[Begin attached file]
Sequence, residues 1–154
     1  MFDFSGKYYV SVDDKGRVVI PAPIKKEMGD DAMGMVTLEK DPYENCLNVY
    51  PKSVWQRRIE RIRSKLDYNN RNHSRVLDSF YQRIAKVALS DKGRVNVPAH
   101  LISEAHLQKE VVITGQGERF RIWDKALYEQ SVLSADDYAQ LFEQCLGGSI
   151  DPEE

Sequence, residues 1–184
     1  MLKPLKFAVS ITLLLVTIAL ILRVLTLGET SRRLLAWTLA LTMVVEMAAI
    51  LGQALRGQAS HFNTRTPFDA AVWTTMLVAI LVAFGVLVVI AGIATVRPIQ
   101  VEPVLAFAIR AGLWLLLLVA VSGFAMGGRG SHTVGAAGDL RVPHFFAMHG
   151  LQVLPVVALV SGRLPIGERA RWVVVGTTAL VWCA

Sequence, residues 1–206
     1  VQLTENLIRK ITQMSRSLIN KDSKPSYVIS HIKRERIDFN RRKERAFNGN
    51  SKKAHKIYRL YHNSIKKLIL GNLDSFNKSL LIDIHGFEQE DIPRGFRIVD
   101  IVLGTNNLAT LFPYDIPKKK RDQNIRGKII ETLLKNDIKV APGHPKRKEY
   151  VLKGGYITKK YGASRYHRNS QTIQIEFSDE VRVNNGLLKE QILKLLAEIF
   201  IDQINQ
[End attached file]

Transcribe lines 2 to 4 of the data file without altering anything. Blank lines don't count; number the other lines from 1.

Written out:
     1  MFDFSGKYYV SVDDKGRVVI PAPIKKEMGD DAMGMVTLEK DPYENCLNVY
    51  PKSVWQRRIE RIRSKLDYNN RNHSRVLDSF YQRIAKVALS DKGRVNVPAH
   101  LISEAHLQKE VVITGQGERF RIWDKALYEQ SVLSADDYAQ LFEQCLGGSI